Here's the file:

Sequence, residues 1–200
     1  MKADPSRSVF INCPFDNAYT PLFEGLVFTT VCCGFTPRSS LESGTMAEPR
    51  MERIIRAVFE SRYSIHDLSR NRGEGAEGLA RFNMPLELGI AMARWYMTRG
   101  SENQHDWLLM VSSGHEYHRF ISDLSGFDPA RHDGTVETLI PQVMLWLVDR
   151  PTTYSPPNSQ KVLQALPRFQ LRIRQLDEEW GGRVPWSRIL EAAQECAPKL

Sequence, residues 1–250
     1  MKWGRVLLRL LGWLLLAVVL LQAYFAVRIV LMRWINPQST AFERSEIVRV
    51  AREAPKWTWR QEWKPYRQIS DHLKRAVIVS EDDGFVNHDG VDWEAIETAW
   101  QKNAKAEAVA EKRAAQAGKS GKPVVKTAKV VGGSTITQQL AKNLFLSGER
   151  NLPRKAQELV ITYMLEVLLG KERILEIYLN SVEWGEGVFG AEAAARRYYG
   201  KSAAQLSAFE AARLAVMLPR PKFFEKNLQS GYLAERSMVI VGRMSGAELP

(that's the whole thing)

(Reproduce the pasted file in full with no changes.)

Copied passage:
Sequence, residues 1–200
     1  MKADPSRSVF INCPFDNAYT PLFEGLVFTT VCCGFTPRSS LESGTMAEPR
    51  MERIIRAVFE SRYSIHDLSR NRGEGAEGLA RFNMPLELGI AMARWYMTRG
   101  SENQHDWLLM VSSGHEYHRF ISDLSGFDPA RHDGTVETLI PQVMLWLVDR
   151  PTTYSPPNSQ KVLQALPRFQ LRIRQLDEEW GGRVPWSRIL EAAQECAPKL

Sequence, residues 1–250
     1  MKWGRVLLRL LGWLLLAVVL LQAYFAVRIV LMRWINPQST AFERSEIVRV
    51  AREAPKWTWR QEWKPYRQIS DHLKRAVIVS EDDGFVNHDG VDWEAIETAW
   101  QKNAKAEAVA EKRAAQAGKS GKPVVKTAKV VGGSTITQQL AKNLFLSGER
   151  NLPRKAQELV ITYMLEVLLG KERILEIYLN SVEWGEGVFG AEAAARRYYG
   201  KSAAQLSAFE AARLAVMLPR PKFFEKNLQS GYLAERSMVI VGRMSGAELP